I don’t know who, in this country, is arguing for “removing religion from the public places” under cover of law. A good many people are in favor of not using government power to promote religion. Not all of those people are atheists by any means. The current director of Americans United for Separation of Church and State is Rev. Barry W. Lynn of the United Church of Christ. Unless I miss my guess, he’s no atheist. His organization is dedicated to the proposition that “church-state separation” is “the only way to ensure religious freedom for all Americans.”

    The founding fathers of this country were Christians.

    Except, of course, the ones who were not — that is, the deists among them. You might consider cracking open a history book some time.

    Would we be correct to suppose that, if you think that the motto “In God We Trust” is constitutional because you think the founding fathers of this country were all Christians, you also think that it it would be perfectly constitutional for Congress to adopt, as a national motto, “In Jesus We Trust”?

    I don’t think that this motto violates the First Amendment in anyway.

    Is plain English your second language? How is an act of Congress providing for an establishment of religion not a violation of the express prohibition in the First Amendment against any act of Congress providing for an establishment of religion?

  • Aj

    Robert,

    It should read “no connection with his atheism”.

    …from his atheists believes…

    What are “his atheists[sic] believes[sic]”?

    To say that he was not motivated by those believes is just silly. It clearly was one of his driving forces.

    It’s silly to suggest that a lack of belief is one of his “driving forces”. Name me one time when you have ever been motivated to act through a lack of belief in something.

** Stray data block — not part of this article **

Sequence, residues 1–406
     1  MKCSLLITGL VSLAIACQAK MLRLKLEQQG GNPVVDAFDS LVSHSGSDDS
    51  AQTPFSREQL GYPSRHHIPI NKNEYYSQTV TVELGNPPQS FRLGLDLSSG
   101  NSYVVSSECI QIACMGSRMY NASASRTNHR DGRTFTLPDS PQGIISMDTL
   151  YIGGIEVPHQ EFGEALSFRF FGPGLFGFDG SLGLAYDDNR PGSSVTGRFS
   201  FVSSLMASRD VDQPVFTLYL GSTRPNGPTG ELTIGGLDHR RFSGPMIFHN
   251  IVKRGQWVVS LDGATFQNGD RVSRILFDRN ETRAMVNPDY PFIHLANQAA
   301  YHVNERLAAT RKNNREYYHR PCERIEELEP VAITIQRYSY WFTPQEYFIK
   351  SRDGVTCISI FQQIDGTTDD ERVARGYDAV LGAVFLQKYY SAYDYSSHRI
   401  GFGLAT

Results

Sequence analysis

…but also his desire for the country to be atheist so that the people would have to look to the state instead of God.

    So you do actually know his desire and his goal. Why do you need to bring his atheism into it?

  • JB Tait

    Nearly all elephants are grayish, but not all gray animals are elephants.

  • JB Tait

    I thought the apostles were the original communists.

    (Acts 2:44-45)
    All that believed were together, and had all things in common; And sold their possessions and goods, and parted them to all men, as every man had need.

    But in searching for the passage I discovered it might well have been God’s plan in Exodus 16:16ff

    For those complaining, here, about it being an atheist plot, are you claiming that the rapacious selfishness of our unregulated capitalist corporations and the obscene bonuses for their executives (even when they failed so badly the taxpayers had to bail them out) while so many are without food, clean water, and shelter, is the Christian way?

    I wish I didn’t meet so many prosperous people who think their good fortune is evidence of how much {their version of} God loves them and that poverty is a moral defect.

    If bad people can do bad things in the name of religion, or even claim they were commanded to do so by God, then likewise these bad people can just as easily claim to act in the name of atheism . . . or because a unicorn compelled them to serve him . . . or a Martian . . . or a witch.

    People do bad things. The noises they make explaining why don’t necessarily bear any resemblance to reality.

  • Hitch

    Watch out for those atheist gray elephants though, they killed millions! And eat babies.

  • Greg

    Robert – do you ever read anything I write before responding to me?

    Seriously?

    My original response still stands untouched by anything you said.

    I really don’t think I’m going to bother saying anything to you from now on.

    It’s people like you that makes me less patient with theists than I probably ought to be. (Apologies to any theists who are willing to actually read what I say if I’m shirty with them.)

  • plutosdad

    Robert I think the point is there is a difference between saying